NYS Entity Status
NYS Filing Date
NOVEMBER 18, 2013
NYS DOS ID#
NYS Entity Type
DOMESTIC BUSINESS CORPORATION
2013 - BISON OFFICE SYSTEMS INC.
AROUND THE WEB
- CIA Director Pompeo slams NY Times for outing covert officer
By email@example.com (Fox News Online) - Friday Jul 21, 2017
- Hiker survives vicious bison attack
By Associated Press - Tuesday Jul 11, 2017
WATFORD CITY, N.D. — An Alaska man is recovering after being attacked by a bison while hiking in western North Dakota’s Theodore Roosevelt National Park. Park official Eileen Andes said the 65-year-old hiker encountered the large animal on a trail after taking photos of a sunset. He tried to walk around the bison but didn’t...
- Common Sense: Feel Good About the Markets? Maybe You Shouldn’t Read This
By JAMES B. STEWART - Thursday Jun 29, 2017
President Trump has taken credit for a surging market this year. But tech stocks, the Fed and the president himself could change that picture.
- ‘Pokémon Go’ never went away, and neither did its technical woes
By Kim Bhasin - Monday Jul 24, 2017
“Pokémon Go” was an international phenomenon last fall, sending players wandering streets and parks to capture little creatures displayed on their smartphones.About 60 million people still play “Pokémon Go” each month, according to data from mobile app research firm Apptopia, and 1 in 5 of those players opens the game on a daily basis.Ticket-holders were promised the chance to catch rare monsters and hang with other fans wearing Pikachu costumes and Magikarp helmets.When developer Niantic Inc.’s chief executive officer, John Hanke, took the stage, fans greeted him with boos.Behind the scenes, Niantic is also adding new advertising deals in partnership with retailers to sponsor locations.Fixing any such issues will be especially important with the upcoming co-operative raid battle system, which will involve up to 20 players grouping together to take down and capture big bad “legendary” monsters.
- Alphabet sales meet estimates as Google CEO joins board
By Mark Bergen - Tuesday Jul 25, 2017
Alphabet Inc. reported second-quarter revenue that met analysts’ projections, falling short of the most-optimistic estimates, and said the cost of its Google ads declined.Sales, minus partner payouts, were $20.92 billion, in line with analysts’ consensus forecasts, but below some more bullish expectations.“The biggest contributor to growth was mobile search, and it’s clearly an area where we continue to grow from our underlying engineering strength,” Chief Financial Officer Ruth Porat said on a call with reporters.The company also announced Monday that Sundar Pichai, chief executive officer of its Google unit, will join the Alphabet board.The Indian-born executive took the reins of Google in August 2015, when Page announced the Alphabet restructuring and became CEO of the parent company.Page placed him in charge of the Android mobile operating system, a key strategic asset, in 2013.Since Pichai, 44, became Google’s CEO, he has shuttled resources toward artificial intelligence research and cloud computing while maintaining steady growth of its main advertising business.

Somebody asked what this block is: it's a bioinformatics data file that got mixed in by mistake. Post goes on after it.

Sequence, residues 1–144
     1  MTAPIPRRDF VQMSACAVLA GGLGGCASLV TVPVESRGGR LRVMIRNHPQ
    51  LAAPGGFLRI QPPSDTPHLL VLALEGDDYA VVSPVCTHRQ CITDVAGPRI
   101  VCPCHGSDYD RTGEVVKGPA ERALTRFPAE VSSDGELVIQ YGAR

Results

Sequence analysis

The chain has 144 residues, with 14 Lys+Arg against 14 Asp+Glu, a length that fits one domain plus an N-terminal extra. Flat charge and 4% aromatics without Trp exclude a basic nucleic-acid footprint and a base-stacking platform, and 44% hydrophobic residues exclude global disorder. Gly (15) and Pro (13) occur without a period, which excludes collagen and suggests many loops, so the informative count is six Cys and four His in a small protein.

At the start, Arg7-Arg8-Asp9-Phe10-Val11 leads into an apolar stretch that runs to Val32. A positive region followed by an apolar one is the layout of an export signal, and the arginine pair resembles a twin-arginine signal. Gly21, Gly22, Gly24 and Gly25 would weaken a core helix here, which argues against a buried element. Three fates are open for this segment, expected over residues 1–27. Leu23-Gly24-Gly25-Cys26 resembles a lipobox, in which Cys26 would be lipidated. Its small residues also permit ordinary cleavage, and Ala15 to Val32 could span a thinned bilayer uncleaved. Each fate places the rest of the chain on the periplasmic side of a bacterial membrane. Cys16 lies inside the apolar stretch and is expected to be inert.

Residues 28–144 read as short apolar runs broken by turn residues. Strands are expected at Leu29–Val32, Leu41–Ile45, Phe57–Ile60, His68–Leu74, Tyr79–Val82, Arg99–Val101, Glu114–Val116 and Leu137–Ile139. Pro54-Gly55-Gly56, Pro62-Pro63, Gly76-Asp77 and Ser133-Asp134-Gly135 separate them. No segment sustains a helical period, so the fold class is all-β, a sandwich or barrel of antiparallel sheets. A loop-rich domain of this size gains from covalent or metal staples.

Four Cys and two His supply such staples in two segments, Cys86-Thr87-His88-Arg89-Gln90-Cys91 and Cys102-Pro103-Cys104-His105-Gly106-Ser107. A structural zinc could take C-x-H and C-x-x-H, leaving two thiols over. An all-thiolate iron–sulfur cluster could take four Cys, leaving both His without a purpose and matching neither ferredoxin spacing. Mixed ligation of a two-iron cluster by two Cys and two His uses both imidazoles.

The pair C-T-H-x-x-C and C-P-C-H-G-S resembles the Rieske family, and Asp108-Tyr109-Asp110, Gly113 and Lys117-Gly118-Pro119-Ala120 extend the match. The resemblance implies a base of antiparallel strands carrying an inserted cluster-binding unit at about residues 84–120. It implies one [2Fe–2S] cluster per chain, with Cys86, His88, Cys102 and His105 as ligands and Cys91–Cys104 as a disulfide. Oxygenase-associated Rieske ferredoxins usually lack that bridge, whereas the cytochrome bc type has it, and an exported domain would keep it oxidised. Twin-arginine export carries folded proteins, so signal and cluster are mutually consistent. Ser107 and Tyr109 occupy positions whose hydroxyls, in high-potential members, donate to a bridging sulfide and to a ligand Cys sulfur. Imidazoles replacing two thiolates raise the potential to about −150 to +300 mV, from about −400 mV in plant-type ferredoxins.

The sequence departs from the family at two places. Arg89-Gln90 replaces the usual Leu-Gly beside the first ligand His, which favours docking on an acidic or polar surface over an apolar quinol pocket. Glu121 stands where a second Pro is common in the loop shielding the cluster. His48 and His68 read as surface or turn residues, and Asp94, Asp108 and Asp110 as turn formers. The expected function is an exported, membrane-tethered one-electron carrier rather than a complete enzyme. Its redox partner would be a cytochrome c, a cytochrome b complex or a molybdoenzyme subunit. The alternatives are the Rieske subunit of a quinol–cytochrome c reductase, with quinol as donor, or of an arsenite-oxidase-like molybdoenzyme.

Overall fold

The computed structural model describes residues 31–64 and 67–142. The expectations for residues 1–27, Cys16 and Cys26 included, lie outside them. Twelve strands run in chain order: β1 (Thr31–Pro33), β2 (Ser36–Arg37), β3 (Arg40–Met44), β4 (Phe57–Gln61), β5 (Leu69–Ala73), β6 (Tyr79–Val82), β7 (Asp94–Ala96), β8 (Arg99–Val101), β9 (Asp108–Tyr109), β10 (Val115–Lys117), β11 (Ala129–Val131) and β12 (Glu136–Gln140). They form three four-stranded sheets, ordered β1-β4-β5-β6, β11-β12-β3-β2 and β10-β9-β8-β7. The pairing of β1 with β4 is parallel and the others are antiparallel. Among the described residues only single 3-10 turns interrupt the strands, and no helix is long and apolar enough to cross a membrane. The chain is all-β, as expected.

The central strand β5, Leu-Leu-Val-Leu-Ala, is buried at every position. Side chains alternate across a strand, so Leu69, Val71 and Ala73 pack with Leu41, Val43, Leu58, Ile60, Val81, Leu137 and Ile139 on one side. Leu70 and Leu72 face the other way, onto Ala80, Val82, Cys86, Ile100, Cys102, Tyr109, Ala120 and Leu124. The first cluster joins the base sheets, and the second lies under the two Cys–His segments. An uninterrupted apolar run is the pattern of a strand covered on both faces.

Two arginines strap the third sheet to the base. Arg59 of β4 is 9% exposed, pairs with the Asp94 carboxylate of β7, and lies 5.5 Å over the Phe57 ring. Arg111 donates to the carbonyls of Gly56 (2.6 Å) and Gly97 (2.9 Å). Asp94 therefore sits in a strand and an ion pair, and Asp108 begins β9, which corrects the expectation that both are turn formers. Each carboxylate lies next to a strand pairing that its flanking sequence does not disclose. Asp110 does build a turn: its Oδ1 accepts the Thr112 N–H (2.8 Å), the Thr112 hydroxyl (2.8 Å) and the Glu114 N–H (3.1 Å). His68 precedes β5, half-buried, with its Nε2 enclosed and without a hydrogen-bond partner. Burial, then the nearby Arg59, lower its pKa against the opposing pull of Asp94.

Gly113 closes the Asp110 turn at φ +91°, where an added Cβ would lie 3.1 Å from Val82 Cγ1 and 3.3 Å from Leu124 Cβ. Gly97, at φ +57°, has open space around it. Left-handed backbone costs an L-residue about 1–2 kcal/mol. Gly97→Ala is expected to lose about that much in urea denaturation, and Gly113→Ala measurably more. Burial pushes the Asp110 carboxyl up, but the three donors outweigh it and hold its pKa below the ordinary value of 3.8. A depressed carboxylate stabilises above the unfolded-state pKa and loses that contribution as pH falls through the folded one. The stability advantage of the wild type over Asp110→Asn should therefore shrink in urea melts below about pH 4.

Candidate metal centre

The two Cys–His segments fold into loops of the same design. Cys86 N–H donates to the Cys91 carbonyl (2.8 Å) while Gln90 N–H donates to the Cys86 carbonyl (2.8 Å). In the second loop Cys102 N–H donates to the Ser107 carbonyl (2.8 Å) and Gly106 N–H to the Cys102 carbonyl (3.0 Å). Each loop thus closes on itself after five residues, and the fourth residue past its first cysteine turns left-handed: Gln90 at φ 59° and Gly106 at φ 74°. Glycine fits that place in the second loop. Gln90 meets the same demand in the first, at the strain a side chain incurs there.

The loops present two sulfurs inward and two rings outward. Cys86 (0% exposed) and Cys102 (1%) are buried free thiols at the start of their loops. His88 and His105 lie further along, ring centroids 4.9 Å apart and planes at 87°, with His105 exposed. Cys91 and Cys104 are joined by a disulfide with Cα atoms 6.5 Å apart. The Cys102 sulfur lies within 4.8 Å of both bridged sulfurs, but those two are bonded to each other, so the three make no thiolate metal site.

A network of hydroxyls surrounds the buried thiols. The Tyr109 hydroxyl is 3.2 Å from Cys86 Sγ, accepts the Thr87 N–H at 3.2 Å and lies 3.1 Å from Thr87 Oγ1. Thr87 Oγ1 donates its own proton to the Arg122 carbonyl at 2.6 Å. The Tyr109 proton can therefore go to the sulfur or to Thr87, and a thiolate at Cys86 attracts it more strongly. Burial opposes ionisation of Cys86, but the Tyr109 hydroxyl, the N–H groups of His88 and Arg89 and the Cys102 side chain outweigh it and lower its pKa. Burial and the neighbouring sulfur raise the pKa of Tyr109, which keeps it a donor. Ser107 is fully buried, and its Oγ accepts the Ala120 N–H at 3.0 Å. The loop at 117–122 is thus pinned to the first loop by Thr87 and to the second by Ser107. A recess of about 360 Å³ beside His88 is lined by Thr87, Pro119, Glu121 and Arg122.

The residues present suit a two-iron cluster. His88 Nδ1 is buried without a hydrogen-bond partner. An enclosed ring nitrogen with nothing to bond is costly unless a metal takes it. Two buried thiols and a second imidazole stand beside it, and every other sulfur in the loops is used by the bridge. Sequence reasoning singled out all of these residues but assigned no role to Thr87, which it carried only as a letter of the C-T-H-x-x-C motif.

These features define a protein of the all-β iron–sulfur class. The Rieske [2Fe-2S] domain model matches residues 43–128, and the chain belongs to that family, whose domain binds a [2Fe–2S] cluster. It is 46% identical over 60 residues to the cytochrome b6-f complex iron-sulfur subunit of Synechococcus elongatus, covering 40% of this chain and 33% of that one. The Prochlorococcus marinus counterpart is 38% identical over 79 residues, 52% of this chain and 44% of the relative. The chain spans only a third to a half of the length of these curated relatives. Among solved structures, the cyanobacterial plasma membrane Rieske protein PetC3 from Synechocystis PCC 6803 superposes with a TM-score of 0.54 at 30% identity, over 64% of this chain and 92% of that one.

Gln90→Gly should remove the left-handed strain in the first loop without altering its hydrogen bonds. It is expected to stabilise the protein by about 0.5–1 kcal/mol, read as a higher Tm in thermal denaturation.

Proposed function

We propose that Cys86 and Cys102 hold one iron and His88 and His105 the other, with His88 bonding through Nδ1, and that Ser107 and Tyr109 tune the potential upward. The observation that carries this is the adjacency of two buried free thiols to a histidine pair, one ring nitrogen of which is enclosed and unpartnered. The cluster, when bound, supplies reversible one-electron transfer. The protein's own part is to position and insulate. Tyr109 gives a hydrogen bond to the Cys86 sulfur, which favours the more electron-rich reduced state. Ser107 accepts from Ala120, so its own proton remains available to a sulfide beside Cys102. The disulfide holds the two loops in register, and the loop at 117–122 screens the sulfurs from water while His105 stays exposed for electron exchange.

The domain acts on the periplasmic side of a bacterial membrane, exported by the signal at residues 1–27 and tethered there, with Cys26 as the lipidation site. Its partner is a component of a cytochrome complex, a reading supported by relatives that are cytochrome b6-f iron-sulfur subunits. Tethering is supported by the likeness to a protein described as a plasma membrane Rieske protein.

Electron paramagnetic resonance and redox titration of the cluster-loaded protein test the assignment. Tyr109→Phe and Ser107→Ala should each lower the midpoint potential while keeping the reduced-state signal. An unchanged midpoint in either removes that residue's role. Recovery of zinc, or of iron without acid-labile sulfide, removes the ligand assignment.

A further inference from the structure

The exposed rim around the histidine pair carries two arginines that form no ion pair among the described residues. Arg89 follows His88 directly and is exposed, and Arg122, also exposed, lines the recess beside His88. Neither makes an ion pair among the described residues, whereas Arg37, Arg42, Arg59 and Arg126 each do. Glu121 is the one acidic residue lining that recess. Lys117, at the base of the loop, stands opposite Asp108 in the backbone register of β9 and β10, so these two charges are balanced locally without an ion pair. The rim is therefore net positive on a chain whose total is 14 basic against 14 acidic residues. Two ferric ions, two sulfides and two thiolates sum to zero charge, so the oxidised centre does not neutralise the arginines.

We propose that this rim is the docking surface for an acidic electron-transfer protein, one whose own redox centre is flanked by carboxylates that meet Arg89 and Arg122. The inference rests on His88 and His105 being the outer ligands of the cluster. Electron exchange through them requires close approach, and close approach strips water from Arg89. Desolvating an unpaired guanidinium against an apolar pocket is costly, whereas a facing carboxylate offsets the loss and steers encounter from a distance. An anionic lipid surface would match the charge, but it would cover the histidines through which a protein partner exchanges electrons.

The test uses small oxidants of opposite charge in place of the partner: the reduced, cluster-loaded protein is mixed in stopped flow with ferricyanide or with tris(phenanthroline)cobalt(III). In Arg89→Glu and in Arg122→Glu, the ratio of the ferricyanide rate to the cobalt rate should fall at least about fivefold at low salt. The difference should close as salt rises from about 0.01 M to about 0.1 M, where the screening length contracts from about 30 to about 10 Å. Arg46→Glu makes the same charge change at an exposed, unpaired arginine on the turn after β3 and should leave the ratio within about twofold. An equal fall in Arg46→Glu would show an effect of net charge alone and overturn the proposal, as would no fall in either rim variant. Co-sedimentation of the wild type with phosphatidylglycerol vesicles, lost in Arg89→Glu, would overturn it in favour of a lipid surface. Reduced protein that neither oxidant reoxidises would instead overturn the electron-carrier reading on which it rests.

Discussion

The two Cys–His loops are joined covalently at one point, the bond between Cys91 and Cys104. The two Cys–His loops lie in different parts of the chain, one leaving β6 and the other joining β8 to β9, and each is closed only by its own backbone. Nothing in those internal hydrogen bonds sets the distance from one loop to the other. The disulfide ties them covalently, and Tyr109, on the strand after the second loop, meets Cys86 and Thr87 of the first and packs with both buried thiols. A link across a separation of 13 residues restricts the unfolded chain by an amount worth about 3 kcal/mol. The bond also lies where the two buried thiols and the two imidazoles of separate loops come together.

- Companies still hobbled from fearsome cyberattack
By FRANK BAJAK and RAPHAEL SATTER, Associated Press - Friday Jun 30, 2017
The Heritage Valley Health System couldn't offer lab and diagnostic imaging services at 14 community and neighborhood offices in western Pennsylvania.DLA Piper, a London-based law firm with offices in 40 countries, said on its website that email systems were down; a receptionist said email hadn't been restored by the close of business day.An employee at an international transit company at Lima's port of Callao told The Associated Press that Maersk employees' telephone system and email had been knocked out by the virus — so they were "stuck using their personal cellphones."Security researchers now concur that while NotPetya was wrapped in the guise of extortionate "ransomware" — which encrypts files and demands payment — it was really designed to exact maximum destruction and disruption, with Ukraine the clear target.Computers were disabled there at banks, government agencies, energy companies, supermarkets, railways and telecommunications providers.Robert M. Lee, CEO of Dragos Inc. and an expert on cyberattacks on infrastructure including Ukraine's power grid, said the rules of cyberespionage appear to be changing, with sophisticated actors — state-sponsored or not — violating what had been established norms of avoiding collateral damage.Besides NotPetya, he pointed to the May ransomware dubbed "WannaCry," a major cyberassault that some experts have blamed on North Korea.